Hidden Hundertwasser

As soon as I saw this apartment building in Bad Soden, Germany, I knew it had to be another Hundertwasser marvel.

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It is so much like the apartment building in nearby Darmstadt, Germany that I once dubbed a “house where Dr. Seuss would live,” except that I couldn’t find any information about this building. It wasn’t even listed in the Wikipedia list of Hundertwasser buildings. But the placard on the building said otherwise.

I can’t tell you much about the building, but I can share some interesting facts I learned about its creator:

  • To survive the Nazi invasion of Austria, Hundertwasser and his mother claimed to be Catholic (which he was, on his father’s side) and at one point, Hundertwasser even joined the Hitler Youth.
  • Friedensreich Regentag Dunkelbunt Hundertwasser was actually born Friedrich Stovasser. His adopted surname is based on the translation of “sto” (the Slavic word for “(one) hundred”) into German (Hundert). The name Friedensreich has a double meaning as “Peace-realm” or “Peace-rich” (in the sense of “peaceful”). Therefore, his name Friedensreich Hundertwasser translates directly into English as “Peace-Realm Hundred-Water”. The other names he chose for himself, Regentag and Dunkelbunt, translate to “Rainy day” and “Darkly multi-coloured.”
  • An opponent to straight lines and functional architecture, Hundertwasser designed buildings with uneven floorboards, grass on the roof, and “Window Rights,” saying “A person in a rented apartment must be able to lean out of his window and scrape off the masonry within arm’s reach. And he must be allowed to take a long brush and paint everything outside within arm’s reach. So that it will be visible from afar to everyone in the street that someone lives there who is different from the imprisoned, enslaved, standardised man who lives next door.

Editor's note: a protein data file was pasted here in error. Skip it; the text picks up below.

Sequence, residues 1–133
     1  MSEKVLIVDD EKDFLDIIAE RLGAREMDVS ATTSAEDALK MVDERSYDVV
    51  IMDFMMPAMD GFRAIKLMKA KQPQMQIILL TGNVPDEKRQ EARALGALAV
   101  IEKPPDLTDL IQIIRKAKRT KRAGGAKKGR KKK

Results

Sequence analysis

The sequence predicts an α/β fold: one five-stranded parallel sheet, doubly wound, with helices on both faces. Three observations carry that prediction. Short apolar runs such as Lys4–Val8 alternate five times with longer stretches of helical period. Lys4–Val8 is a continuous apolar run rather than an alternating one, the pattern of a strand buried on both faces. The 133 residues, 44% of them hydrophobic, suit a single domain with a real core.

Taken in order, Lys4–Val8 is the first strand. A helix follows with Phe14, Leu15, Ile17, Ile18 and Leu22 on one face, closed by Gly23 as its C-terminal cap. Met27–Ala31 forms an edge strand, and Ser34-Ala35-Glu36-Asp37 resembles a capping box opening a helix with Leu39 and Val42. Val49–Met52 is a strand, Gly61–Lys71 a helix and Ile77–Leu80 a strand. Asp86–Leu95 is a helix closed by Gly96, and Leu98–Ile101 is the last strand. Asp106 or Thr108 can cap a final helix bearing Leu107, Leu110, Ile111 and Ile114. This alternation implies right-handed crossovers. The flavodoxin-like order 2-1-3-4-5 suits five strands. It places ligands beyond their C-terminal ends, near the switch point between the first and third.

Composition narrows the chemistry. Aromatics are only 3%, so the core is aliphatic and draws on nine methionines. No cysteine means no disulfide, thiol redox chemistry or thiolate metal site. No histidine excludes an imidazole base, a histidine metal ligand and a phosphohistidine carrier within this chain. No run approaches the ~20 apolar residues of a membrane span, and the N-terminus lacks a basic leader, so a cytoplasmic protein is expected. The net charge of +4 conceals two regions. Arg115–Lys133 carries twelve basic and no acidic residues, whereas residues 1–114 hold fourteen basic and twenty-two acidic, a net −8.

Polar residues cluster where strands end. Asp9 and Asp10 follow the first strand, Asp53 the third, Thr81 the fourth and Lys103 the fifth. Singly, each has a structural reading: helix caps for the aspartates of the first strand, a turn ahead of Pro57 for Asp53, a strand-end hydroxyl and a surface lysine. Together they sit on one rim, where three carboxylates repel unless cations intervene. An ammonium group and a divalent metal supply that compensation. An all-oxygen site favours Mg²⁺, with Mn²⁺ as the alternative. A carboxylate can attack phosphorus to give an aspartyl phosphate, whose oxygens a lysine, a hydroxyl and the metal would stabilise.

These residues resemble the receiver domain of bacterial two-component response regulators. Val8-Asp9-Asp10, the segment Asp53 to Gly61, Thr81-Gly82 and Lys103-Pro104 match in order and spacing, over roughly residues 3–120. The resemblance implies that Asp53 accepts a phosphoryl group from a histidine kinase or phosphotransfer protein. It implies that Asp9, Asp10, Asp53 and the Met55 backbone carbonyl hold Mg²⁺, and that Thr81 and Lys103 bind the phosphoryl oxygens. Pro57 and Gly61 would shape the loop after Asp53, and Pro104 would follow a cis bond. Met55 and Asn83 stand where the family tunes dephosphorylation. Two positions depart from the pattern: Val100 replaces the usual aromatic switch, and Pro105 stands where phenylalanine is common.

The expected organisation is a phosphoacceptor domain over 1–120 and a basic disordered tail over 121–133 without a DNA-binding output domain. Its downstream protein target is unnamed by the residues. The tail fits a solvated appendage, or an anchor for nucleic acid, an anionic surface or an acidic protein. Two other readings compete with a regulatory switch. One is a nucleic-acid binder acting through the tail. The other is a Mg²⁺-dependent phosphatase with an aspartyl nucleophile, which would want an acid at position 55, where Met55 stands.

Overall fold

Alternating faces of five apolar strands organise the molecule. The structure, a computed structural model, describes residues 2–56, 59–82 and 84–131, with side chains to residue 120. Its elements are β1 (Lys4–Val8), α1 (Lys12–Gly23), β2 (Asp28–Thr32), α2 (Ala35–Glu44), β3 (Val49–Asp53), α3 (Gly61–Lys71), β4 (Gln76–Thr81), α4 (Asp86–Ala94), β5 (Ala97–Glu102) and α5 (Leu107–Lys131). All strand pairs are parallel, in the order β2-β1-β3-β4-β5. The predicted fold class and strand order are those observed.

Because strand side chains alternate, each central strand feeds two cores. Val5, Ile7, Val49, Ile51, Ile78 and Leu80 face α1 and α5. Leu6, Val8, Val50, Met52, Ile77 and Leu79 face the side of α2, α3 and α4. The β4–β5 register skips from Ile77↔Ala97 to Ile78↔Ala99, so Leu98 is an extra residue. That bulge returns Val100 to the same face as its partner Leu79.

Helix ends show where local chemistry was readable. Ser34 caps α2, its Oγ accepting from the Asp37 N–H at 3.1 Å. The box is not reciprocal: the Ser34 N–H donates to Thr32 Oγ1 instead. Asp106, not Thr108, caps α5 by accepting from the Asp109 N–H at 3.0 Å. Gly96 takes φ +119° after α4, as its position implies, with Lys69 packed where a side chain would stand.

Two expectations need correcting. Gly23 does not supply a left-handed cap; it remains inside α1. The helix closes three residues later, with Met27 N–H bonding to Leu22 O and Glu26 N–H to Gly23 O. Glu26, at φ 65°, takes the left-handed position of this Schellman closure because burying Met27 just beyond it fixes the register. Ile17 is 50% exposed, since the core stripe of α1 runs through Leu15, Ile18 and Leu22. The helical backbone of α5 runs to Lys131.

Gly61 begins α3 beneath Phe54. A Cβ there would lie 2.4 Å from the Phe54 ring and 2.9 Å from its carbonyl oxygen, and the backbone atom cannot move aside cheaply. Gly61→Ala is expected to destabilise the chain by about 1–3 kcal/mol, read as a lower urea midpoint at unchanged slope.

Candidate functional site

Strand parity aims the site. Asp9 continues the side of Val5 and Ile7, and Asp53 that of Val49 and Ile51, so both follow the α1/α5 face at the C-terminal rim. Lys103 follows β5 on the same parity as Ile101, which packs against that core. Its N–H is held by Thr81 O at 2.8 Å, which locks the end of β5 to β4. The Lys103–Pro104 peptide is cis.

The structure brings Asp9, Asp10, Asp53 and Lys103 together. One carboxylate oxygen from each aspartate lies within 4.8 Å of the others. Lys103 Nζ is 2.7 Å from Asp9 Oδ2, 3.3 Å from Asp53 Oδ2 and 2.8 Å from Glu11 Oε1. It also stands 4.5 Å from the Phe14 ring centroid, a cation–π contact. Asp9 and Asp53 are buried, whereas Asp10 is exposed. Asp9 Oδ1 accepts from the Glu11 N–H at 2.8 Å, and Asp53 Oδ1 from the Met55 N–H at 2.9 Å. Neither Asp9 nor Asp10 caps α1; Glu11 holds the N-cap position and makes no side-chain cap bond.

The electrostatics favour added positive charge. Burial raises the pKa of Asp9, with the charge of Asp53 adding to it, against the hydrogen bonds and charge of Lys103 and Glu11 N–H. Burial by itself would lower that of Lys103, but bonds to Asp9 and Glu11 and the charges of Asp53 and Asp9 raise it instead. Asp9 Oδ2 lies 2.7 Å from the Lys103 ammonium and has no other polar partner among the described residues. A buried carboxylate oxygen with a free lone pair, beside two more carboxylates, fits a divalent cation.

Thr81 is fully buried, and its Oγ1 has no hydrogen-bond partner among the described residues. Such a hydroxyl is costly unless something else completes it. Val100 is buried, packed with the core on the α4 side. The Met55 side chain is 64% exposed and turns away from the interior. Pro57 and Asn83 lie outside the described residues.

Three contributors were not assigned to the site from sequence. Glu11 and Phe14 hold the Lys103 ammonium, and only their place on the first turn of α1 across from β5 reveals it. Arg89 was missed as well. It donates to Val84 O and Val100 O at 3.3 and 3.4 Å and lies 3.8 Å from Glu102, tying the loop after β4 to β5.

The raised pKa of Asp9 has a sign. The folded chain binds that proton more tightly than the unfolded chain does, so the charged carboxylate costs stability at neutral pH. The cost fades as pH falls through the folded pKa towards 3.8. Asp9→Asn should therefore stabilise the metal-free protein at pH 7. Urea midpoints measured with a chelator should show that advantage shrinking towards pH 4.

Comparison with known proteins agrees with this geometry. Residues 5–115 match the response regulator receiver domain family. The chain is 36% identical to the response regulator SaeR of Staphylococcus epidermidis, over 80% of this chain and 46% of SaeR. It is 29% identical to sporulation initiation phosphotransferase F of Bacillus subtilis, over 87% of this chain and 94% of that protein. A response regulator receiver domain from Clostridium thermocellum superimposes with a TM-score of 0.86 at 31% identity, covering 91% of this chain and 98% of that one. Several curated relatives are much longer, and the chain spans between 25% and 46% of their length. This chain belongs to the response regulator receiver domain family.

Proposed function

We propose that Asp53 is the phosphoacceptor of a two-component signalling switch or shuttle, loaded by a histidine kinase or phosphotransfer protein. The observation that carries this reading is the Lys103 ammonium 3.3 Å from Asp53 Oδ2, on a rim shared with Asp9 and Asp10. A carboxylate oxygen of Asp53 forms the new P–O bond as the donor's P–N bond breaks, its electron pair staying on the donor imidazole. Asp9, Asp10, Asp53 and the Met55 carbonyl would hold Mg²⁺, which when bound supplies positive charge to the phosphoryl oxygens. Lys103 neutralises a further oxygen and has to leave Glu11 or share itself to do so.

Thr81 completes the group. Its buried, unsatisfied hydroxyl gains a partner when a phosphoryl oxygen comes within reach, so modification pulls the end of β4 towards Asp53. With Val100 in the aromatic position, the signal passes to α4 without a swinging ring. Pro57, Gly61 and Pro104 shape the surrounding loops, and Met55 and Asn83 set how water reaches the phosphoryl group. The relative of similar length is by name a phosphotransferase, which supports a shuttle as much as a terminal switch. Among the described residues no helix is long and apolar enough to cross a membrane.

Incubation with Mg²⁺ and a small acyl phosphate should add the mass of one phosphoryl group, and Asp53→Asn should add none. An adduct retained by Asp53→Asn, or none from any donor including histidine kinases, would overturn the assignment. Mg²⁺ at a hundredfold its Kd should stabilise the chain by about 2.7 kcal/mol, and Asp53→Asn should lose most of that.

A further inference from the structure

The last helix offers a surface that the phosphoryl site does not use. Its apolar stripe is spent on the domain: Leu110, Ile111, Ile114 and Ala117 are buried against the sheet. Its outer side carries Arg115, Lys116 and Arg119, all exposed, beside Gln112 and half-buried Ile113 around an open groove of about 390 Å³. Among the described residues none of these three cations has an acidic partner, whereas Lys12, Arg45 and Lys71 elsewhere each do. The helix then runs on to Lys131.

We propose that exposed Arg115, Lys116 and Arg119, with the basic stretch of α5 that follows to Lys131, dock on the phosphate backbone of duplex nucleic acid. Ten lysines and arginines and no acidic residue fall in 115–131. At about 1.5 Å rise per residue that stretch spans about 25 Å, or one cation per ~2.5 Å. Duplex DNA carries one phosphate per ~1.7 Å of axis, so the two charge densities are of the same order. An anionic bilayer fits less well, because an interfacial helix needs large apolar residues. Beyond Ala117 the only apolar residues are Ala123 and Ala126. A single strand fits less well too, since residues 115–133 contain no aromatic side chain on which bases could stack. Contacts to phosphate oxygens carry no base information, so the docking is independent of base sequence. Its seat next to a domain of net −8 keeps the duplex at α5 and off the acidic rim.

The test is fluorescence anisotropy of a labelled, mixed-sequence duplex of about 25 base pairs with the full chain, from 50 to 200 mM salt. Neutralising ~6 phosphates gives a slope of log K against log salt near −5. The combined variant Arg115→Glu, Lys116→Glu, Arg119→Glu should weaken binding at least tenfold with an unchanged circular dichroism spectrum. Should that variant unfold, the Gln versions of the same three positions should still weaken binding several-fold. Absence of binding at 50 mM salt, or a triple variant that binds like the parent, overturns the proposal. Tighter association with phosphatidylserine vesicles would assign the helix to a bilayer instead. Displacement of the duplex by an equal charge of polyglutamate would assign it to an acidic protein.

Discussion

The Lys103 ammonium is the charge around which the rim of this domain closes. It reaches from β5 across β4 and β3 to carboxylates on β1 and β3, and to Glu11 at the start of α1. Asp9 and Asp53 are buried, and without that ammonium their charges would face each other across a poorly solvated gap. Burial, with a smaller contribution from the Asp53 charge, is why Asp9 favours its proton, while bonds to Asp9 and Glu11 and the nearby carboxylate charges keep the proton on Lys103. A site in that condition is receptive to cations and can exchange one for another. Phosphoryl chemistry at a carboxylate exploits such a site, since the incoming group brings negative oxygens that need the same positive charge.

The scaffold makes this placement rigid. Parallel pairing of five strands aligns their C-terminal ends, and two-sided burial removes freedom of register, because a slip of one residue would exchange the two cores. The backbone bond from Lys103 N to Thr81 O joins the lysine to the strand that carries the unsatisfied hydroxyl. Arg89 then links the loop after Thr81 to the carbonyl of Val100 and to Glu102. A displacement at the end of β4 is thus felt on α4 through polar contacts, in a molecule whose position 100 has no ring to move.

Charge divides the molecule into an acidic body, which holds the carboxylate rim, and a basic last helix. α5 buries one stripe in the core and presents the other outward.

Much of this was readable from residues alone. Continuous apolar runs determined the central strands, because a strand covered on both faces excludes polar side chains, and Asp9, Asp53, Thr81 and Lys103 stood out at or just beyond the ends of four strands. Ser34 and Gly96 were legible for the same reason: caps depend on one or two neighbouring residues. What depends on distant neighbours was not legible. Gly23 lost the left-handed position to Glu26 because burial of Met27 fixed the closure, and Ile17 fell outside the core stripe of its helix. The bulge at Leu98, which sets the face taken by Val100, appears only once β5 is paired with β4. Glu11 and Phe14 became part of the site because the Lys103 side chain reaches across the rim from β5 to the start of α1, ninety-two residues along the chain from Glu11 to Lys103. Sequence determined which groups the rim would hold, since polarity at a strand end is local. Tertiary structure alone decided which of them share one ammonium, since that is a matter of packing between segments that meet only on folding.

• He was a fan of “composting toilets.” (You can look that up yourself.)
  • Today marks the 17th anniversary of his death aboard HMS Queen Elizabeth 2 on February 19, 2000.

Are you familiar with Hundertwasser’s architectural style?

5 responses to “Hidden Hundertwasser

  1. It’s stories about people like Hundertwasser who defy convention and come up with these wonderfully unique and sometimes strange creations that inspire me to believe in and push for my own vision of things. Imagine getting to live in an apartment like this one! Feels like there’s always some magic waiting to be unleashed or discovered. 🙂

    • I would LOVE to live in a place like this! My dad designed and built our house when I was growing up. It wasn’t as unconventional as this, but it did have all sorts of nooks and alcoves. I loved it.

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